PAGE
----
Background: Almost 100 million allergic patients are sensitized to the major birch pollen allergen, Bet v 1, a 17 kDa protein containing most of the IgE epitopes present in pollens of trees belonging to the Fagales order and plant-derived food.
Objective: Our aim was to develop an approach for the rational design of B cell epitope-derived, non-allergenic peptide allergy vaccines.
Methods: According to the three-dimensional (3-D) structure of birch pollen allergen, Bet v 1, six peptides comprising 25-32 preferably solvent-exposed amino acids were synthesized.
Results: Because of lack of secondary structure, the peptides showed no allergenic activity in allergic patients. In a mouse model of birch pollen allergy, peptide vaccination induced Bet v 1-specific IgG and prevented IgE-mediated allergic sensitization to Bet v 1. The protective role of peptide-induced blocking antibodies is demonstrated by inhibition of allergic patients IgE binding to the allergen and by blocking of allergen-induced basophil degranulation.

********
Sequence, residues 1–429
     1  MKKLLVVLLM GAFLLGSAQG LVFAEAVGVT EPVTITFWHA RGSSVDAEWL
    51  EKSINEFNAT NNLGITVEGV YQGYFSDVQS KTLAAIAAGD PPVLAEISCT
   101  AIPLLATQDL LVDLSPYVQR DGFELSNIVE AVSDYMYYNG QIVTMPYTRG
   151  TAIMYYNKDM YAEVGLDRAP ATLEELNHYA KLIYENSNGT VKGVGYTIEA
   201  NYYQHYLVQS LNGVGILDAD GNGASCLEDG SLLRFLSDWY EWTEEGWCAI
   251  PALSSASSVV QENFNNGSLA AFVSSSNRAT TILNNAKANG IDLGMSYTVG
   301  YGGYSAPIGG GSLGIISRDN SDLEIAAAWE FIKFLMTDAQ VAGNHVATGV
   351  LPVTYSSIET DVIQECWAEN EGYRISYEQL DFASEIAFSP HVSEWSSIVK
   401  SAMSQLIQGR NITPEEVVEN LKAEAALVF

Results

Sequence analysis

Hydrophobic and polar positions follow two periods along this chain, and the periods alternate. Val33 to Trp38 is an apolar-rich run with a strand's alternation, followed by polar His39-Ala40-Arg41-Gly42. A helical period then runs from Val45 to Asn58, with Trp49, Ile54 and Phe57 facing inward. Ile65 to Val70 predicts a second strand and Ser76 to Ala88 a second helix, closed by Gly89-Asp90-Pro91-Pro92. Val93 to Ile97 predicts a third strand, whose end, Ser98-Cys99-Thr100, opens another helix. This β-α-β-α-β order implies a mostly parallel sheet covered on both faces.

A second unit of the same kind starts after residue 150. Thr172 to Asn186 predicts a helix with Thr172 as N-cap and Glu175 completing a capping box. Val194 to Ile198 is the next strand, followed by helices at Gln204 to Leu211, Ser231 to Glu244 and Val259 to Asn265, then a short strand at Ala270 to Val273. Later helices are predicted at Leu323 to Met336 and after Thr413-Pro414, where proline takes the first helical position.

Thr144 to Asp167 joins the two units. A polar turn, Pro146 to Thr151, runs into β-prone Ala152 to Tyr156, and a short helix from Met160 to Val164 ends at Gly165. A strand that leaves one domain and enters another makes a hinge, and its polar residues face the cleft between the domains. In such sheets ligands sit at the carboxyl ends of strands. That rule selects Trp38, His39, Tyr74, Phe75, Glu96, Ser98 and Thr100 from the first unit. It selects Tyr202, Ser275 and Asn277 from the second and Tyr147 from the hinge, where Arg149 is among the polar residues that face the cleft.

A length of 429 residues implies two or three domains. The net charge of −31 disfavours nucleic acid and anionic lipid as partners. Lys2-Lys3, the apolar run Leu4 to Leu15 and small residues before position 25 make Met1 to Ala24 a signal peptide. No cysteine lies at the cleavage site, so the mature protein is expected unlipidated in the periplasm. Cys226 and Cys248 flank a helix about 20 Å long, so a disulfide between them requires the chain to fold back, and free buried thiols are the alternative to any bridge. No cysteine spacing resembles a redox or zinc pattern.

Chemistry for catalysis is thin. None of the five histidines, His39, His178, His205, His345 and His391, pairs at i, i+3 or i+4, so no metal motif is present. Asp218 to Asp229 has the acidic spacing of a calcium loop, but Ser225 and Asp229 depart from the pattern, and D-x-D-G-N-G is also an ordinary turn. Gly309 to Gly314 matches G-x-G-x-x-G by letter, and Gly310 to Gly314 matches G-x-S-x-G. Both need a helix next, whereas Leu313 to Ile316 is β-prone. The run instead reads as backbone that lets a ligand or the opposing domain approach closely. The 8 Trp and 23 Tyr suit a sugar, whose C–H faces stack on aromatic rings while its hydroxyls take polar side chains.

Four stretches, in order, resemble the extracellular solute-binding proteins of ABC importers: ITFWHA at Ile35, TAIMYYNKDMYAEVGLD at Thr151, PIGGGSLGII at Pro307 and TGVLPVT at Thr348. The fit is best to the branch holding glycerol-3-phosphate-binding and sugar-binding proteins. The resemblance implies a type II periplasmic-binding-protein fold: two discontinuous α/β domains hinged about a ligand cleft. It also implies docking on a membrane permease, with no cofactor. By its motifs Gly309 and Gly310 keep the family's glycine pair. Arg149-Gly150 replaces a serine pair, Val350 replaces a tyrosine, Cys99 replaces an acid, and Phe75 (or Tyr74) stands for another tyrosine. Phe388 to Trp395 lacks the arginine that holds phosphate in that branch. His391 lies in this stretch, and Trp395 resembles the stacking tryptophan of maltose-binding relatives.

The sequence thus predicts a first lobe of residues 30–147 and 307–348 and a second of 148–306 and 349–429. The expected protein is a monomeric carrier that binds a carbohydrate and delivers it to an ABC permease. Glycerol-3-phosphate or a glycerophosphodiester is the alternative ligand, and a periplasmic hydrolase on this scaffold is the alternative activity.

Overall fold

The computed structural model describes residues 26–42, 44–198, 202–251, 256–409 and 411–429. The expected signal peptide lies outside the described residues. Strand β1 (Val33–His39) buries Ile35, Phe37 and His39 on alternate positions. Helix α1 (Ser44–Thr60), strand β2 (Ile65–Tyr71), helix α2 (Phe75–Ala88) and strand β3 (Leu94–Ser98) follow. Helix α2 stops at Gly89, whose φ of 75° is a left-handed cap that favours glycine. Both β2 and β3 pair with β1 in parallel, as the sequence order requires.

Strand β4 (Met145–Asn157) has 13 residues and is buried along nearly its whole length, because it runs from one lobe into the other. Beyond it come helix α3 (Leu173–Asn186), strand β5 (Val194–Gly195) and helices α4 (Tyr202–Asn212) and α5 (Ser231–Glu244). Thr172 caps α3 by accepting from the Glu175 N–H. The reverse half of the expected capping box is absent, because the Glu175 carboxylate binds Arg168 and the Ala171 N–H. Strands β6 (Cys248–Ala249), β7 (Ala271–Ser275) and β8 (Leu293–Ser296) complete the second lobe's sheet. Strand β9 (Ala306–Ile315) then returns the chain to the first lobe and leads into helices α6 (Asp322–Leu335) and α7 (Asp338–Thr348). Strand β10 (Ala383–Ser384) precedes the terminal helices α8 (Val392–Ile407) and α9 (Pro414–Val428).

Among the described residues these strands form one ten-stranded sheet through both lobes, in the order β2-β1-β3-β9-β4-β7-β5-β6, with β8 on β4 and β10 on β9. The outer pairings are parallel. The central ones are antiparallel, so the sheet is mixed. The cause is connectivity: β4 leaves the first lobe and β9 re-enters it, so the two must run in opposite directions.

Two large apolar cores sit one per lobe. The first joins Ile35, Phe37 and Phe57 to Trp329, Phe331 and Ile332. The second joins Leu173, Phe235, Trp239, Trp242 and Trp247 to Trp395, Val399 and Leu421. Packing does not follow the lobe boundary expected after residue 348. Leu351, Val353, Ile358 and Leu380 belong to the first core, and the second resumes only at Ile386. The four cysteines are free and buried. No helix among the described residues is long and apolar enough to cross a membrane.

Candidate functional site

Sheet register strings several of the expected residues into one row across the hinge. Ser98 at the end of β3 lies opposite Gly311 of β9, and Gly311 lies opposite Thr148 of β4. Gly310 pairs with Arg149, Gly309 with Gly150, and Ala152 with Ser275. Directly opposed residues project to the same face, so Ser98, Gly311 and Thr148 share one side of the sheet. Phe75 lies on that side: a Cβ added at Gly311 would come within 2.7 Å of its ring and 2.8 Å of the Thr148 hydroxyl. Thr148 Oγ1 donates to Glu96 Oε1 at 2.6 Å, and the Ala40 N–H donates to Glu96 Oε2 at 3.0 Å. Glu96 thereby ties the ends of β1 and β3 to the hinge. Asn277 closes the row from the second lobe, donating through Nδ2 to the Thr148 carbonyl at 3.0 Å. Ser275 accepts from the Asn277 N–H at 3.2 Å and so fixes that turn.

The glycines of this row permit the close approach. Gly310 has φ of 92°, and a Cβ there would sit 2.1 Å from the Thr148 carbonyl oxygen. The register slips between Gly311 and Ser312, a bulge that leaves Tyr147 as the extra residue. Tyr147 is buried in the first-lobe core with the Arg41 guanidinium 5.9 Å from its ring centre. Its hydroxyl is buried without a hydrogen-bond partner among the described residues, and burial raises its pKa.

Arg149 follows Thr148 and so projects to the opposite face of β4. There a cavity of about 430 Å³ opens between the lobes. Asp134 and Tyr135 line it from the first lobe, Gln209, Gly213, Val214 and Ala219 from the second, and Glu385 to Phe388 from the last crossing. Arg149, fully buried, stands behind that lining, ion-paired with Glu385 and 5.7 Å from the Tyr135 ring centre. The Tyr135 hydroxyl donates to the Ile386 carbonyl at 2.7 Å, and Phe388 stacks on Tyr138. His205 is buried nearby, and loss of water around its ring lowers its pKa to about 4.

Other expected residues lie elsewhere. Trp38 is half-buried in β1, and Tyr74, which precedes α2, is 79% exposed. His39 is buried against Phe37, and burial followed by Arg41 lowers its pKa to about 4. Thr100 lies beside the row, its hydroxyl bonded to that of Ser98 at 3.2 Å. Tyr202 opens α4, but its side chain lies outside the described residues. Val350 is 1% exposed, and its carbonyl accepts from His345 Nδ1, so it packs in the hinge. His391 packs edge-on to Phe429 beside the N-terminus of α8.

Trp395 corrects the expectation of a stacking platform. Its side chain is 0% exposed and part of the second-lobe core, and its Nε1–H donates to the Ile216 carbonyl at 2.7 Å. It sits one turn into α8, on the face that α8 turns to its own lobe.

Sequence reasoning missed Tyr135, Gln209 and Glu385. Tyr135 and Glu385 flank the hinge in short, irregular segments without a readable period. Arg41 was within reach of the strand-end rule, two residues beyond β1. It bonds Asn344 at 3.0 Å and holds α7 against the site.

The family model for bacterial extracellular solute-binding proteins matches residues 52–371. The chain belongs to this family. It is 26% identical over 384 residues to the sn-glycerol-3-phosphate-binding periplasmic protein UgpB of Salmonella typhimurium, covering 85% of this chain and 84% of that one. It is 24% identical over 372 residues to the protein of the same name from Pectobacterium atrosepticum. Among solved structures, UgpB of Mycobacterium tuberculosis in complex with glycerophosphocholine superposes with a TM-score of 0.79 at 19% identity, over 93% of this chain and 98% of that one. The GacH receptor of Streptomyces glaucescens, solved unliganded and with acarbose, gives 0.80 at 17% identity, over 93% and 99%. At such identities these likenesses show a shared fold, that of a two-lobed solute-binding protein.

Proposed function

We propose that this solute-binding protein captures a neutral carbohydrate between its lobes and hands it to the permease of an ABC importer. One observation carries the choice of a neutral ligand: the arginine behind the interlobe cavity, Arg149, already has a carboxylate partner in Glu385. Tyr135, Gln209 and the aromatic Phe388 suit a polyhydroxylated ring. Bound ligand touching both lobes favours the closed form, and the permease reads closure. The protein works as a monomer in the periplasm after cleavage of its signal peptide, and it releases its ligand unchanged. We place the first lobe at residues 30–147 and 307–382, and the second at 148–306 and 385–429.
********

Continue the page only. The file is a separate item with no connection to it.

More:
Conclusion: Our results indicate the mechanistic importance of blocking antibodies for allergy vaccination and present a B cell epitope-based approach for the rational design of safe peptide allergy vaccines whenever the structure of the disease-eliciting allergen is known.